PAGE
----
There’s an old internet saying you see pop up every now and then: Fandom was a mistake. It’s been used to mock the cartoonishly entitled or to chastise the overwhelmingly toxic. Director Satoshi Kon understood just how rotten obsessive fandom can become, which is why his 1997 film, Perfect Blue, is fandom at its worst.
Perfect Blue focuses on Mima Kirigoe, a performer in the J-pop group CHAM!, who decides to leave the band so she can focuses on a career as an actresses. Her life and sanity begins to unravel as an obsessive fan, Me-Mania, begins to stalk her, while a blog called “Mima’s Room” pretends to be her. It’s an examination of the broken nature of fandom, where the line between adoration and obsession is thin, and how easy it is to dip from the former into the latter.
CHAM! is a part of Japanese pop music sub-culture known as “Idols.” As much as Western pop music is seen to be artificial, created by a committee and sold as a plastic product, the Japanese Idol model is that ethos pushed to the extreme. They’re products designed to fulfil a fantasy, with fans latching onto a specific member of these groups, rabidly consuming and obsessing over their every move.
Perfect Blue focuses on Mima Kirigoe, a performer in the J-pop group CHAM!, who decides to leave the band so she can focuses on a career as an actresses.
Part of this cultivated image is that these Idols need to maintain a constant state of availability and virginal innocence. Breaking this fantasy usually results in the performer taking a massive hit to their popularity. In 2012, Masuda Yuka of AKB48 left the band after it was revealed she has stayed overnight at the home of another J-Pop group, Da Pump. A similar event occurred in 2013 with Minami Minegishi. She was demoted to one of the AKB48’s much less popular branches after it was revealed she had a similar overnight stay. In response, she shaved her head and filmed a long, uncomfortable apology video begging for forgiveness.
Watch a trailer for Perfect Blue below
Mima and CHAM! are very much within this framework. Me-Mania considers the Mima performing on-stage as a part of CHAM! to be the “real” Mima, while the Mima acting in the television show Double Bind is the fake. When Mima appears in an erotic photo-shoot, Me-Mania goes out of his way to purchase literally every copy he can get his hands on, sobbing that his pure vision of her has now been defiled. He’s unable to separate the real from the unreal – that the Idol and the person are different entities. Her basic human wants and needs mean nothing to him – he’s unhappy that she’s no longer maintaining his fantasy.
That fantasy haunts Mima in the form of her Other Self – a ghostly image of Mima in her old CHAM! Costume – who represents this idea that she isn’t actually human but a product to be consumed. It’s that Other Self that ensnares fans like Me-Mania, with its promise to fulfil his fantasies and desires. Through Mima’s Room, the fake Mima goads Me-Mania into protecting her from the imposter Mima (the real one). We see a scene in which a wall covered with Mima posters speak to him, while an apparition of Mima in her CHAM! outfit embraces him. This betrayal is what pushes him over the edge, leading to Me-Mania’s attempt on her life – something that has an uncanny parallel to real-life events.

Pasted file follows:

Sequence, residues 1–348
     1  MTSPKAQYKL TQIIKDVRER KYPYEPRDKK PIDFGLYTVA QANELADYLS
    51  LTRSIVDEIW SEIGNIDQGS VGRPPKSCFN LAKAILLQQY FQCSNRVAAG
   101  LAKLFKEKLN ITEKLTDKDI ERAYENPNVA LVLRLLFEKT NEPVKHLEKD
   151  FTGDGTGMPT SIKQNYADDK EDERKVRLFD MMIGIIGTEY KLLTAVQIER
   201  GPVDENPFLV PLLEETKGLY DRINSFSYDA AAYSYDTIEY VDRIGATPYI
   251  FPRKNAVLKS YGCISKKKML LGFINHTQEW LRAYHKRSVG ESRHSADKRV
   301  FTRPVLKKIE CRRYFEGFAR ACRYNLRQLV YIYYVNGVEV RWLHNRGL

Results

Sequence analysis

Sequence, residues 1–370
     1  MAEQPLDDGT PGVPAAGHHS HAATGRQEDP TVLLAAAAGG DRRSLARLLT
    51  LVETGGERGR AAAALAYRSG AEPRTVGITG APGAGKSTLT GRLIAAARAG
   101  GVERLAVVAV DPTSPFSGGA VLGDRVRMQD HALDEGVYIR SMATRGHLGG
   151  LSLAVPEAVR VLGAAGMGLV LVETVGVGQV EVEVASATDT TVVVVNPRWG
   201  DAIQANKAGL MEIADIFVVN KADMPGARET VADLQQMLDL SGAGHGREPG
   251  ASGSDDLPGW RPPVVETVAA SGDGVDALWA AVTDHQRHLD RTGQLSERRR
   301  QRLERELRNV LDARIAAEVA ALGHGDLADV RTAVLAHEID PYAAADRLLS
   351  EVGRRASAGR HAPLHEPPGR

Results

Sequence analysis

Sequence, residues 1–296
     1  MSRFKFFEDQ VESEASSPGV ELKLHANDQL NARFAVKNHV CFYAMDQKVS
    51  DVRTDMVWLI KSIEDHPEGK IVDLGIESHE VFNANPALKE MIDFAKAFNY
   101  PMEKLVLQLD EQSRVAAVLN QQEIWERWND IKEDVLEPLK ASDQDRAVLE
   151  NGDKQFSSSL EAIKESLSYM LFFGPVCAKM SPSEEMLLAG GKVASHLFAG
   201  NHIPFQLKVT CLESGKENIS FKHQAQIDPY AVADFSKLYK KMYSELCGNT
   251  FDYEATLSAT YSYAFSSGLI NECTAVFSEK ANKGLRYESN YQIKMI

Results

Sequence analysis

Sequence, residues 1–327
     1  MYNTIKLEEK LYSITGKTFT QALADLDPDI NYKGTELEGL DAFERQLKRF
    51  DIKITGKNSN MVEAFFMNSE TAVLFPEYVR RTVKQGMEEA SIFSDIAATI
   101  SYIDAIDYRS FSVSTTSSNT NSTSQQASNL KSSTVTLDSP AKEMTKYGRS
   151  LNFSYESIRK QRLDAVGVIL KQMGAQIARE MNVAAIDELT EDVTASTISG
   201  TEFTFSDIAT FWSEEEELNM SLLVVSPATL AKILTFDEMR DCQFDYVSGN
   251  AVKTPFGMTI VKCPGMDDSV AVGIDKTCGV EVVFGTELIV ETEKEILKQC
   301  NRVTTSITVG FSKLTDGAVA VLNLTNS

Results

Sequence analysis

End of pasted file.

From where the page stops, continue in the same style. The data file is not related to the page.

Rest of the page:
In 1996 Ricardo López mailed a bomb to Björk. He’d spent the better part of three years obsessed with her, and had felt betrayed after learning she was in a relationship. He felt he had wasted so much time on her without getting anything in return, so he hoped the bomb would at least permanently scar her (to forever be a part of her life in the same way she was a part of his) but mainly aiming to kill her so the two could be united the death. López took his own life shortly after mailing the package – his last words were: “This is for you.”
Perfect Blue is a reflection of reality; a worst-case scenario of what happens when the obsessive and possessive nature of fandom goes too far.
When we’re first introduced to Me-Mania, he’s holding his hand out in such a way that the perspective makes it looks like Mima is dancing in his palm. He’s drawn to look considerably more ugly than another other characters, almost monstrous with his grey skin, jagged teeth and reptilian looking eyes. His apartment is a dank, uninviting place that’s plastered with posters of Mima.
You quickly get the impression that the J-pop Idol is the only thing staving off his extreme loneliness. López himself struggled with his body image and loneliness, and these issues were regularly documented in his journal. The two are kindred spirits; while the rest of the world may not accept Me-Mania and López, at least the objects of their obsession will always be there for them.
Fandom isn’t inherently bad. It’s always nice to know that you’re able to bond with someone over a shared pop cultural experience. But it’s very easy to become overwhelmed by the more negative side of fandom: entitlement, competiveness and an uncomfortable over-familiarity. After quitting CHAM!, Mima is bombarded with death threats and constant hate via email, a frighteningly accurate foresight of being online in 2018.
Perfect Blue is a reflection of reality; a worst-case scenario of what happens when the obsessive and possessive nature of fandom goes too far. It places unhealthy fan obsession under a microscope and dissects it, showing us what it truly is: a toxic entitlement that when fed can grow into a monster, like a cancerous tumour.